In the case of the ground consisting of stiff clay, gravel or boulders, well points are installed in drilled holes, which increases the installation cost.
5) Vacuum System
When draining is required for silt or clay which have a size less than 0.05mm. At that time vacuum pump system will require.
The process is as follow:
- The well-points are driven and 25 cm diameter is provided around the well point.
- Installed in the ground by forcing a jet of water under sufficient pressure.
- The sand of medium to coarse size is then forced into this hole as rapidly as possible. This sand forms the filter medium.
- In the uppermost 600 mm to 900 mm, an impervious material such as clay is tamped to form the seal of the upper portion.
The pumping is then carried out by means of equipment capable of maintaining a vacuum in the well-points and the surrounding filter.
In this way, the pressure around the well-points is reduced to a small fraction of the atmospheric pressure. The ground is acted upon by the atmospheric pressure. Thus the soil becomes consolidated under a pressure that is very nearly equal to the atmospheric.
Control of groundwater by Grouting
In highly permeable cohesionless soil, the safety of the side slopes may be endangered through the application of severe pumping. In such cases, especially if control of the groundwater is required permanently, the methods of grouting can be used.
The main idea is to insert fine materials or chemicals around the excavation in order to reduce the hydraulic conductivity of the surrounding soil to a minimum.
In other words, the grouting process creates an almost impervious curtain around the excavation. The grouting is conducted using movable pipes with holes. The grout material is injected under pressure as it flows outside the pipes through the holes to fill the voids of the surrounding soil.
The material used for grouting may be clay, cement or special chemical compounds.
6) Cement Grouting
The material commonly used for grout include:
1) Cement And Water
2) Cement, Rock Flour and Water
3) Cement, Clay and Water
4) Cement, Clay, Sand and Water
6) Clay And Water
7) Chemical Grouting
The desirable properties of chemical grouts:
- It must be able to modify the properties of soil as desired
2) It may either increase the strength or decrease the permeability of soil
3) It must be cheap, non-toxic, non-explosive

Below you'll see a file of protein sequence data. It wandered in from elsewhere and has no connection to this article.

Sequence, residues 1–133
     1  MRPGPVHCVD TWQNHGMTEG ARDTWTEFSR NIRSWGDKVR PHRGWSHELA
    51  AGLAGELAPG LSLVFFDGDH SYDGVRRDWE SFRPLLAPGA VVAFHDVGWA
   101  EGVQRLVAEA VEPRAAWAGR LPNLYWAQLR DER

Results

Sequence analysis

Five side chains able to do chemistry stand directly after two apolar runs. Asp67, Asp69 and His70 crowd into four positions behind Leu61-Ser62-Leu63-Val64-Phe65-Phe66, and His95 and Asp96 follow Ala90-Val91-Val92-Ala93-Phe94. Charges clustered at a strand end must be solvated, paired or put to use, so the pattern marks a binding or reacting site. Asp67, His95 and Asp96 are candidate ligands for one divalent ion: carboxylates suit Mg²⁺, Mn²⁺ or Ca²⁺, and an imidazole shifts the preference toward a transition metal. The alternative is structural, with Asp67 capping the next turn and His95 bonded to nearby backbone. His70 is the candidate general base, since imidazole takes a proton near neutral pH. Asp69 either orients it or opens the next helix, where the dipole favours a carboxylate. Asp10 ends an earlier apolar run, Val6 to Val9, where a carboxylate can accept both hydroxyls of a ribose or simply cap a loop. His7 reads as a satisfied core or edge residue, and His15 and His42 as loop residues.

4) It must be in the form of a liquid with low viscosity so that it can be readily placed in the soil
5)It must be non-corrosive so that it can be handled with common pumps and piping
6) It must be possible to control the gel time by suitable means.
- Inorganic chemicals
- They are called silicate grouts
- They are cheaper
- Organic chemicals
- They are also called resin grouts
- They possess advantage of low viscosity, precise control of gel time and high strength
- Soils that will not drain using conventional methods Typically a ground freezing system consists of an array of freeze pipes.
- Those are installed into the ground around the perimeter of the excavation, usually in a circular pattern.
- A supermodel brine solution is a pump through to freeze the pipes, which freezes the water-bearing soils around the pipes to create a frozen wall. Extreme care must be taken to make sure that the freeze is complete because any groundwater seepage through the wall or from below the excavation depth will have a sliding effect.
- A refrigeration plant of required installed near the site of work.
- The large pipes of 100 mm to 150 mm diameter.
- The distance between the pipes is about 1 m to 1.50 m.
- The pipes are closed at the bottom.
- The small pipes of 25mm to 50mm diameter are inserted into the large pipes open at the bottom.
- The cold liquid at a temperature of about -23°C to -30°C is then circulated through the circuit.
- The liquid comes through the small pipe and goes up through the large pipe. This causes the ground to freeze around the pipes.